Impact of DREAMS interventions on attitudes towards gender norms among adolescent girls and young women: Findings from a prospective cohort in Kenya

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Article (peer-reviewed)

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The DREAMS partnership aims to deliver a comprehensive package to reduce HIV incidence among adolescent girls and young women (AGYW), including through shifting gender norms. We evaluate DREAMS’ effect on attitudes towards gender norms in two Kenyan settings. AGYW aged 15–22 in Nairobi (n = 852) and Gem (n = 761) were randomly selected for cohort enrolment in 2017–18 and followed-up to 2019. We described the proportion of AGYW and their male peers with equitable attitudes towards gender norms, using an adapted version of the GEM scale. We estimated the association between self-reported invitation to DREAMS (in 2017–18) and AGYW’s attitudes towards two dimensions of gender norms, and then applied a causal inference framework to estimate the difference in the proportion of AGYW with equitable attitudes under the counterfactual scenarios that all versus none were DREAMS beneficiaries. We estimated that overall, 90.2% versus 87.1% of AGYW would have equitable norms around sexual and reproductive health decision-making in Nairobi if all versus none were DREAMS beneficiaries (+3.1; 95%CI:-2.5, +9.0). In Gem, we estimated a risk difference of +1.0 (89.6% vs 88.6%, 95%CI: -3.6,+5.6). There was no evidence for an effect of DREAMS on attitudes towards violence-related norms (Nairobi: 82.7% vs 82.2%, +0.5; 95%CI: -5.3,+6.5; Gem: 44.3% vs 48.2%, -3.9; 95%CI: -11.7,+3.0). We found no evidence of an impact of DREAMS invitation on individual attitudes towards gender norms. In some cases, equitable attitudes at enrolment left limited scope for improvement, and additional effort may be required to shift inequitable violence attitudes among both AGYW and their male peers.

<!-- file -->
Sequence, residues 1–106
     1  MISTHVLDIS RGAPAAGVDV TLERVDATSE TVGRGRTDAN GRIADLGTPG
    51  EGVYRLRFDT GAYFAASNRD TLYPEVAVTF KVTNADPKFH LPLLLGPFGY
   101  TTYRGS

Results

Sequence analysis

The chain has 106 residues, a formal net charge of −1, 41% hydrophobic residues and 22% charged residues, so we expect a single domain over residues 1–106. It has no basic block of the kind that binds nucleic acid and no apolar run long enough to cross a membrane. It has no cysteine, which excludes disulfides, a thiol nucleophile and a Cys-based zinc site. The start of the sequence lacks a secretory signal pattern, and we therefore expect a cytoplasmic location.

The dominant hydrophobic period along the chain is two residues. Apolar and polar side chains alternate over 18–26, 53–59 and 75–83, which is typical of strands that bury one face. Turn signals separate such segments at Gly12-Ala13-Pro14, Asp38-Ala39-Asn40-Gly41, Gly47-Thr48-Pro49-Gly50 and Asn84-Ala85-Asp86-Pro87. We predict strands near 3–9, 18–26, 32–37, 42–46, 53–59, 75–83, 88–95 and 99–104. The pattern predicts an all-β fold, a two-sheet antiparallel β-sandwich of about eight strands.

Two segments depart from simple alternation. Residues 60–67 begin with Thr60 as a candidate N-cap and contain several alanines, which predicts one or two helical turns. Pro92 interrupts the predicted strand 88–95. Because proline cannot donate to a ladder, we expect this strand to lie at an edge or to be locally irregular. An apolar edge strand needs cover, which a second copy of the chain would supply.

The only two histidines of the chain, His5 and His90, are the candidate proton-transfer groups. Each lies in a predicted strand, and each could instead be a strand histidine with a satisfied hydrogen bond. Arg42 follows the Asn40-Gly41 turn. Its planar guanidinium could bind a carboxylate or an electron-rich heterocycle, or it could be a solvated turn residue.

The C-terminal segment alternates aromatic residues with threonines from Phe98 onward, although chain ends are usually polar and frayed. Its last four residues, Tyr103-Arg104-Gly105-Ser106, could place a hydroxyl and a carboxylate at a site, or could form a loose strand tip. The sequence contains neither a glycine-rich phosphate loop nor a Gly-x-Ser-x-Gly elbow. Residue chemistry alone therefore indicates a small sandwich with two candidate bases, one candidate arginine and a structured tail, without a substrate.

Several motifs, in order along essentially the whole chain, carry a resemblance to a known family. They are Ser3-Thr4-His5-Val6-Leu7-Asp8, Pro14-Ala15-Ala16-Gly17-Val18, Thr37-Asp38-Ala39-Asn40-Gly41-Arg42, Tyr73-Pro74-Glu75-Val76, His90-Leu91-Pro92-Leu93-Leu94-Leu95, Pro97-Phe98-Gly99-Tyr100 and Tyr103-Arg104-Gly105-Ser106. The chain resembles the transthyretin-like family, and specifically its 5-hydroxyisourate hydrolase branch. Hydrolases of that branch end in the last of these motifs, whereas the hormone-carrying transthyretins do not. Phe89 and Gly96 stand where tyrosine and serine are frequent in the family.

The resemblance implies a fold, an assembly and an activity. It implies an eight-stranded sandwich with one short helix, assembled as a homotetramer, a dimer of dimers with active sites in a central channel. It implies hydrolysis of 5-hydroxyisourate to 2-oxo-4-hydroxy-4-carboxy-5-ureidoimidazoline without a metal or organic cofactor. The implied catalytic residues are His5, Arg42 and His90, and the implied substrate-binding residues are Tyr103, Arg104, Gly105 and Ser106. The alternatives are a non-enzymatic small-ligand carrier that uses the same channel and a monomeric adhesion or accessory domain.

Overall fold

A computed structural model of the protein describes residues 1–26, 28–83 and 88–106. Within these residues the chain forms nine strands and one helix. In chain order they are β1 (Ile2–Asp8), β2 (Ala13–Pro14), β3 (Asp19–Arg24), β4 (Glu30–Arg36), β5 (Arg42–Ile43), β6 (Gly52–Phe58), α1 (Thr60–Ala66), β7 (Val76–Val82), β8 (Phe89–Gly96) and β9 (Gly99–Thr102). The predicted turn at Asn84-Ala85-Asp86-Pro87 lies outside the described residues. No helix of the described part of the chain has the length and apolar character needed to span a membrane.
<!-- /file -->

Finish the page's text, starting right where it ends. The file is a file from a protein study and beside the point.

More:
Reducing HIV Risk among Adolescent Girls and Young Women: Implementation Science around the DREAMS Initiative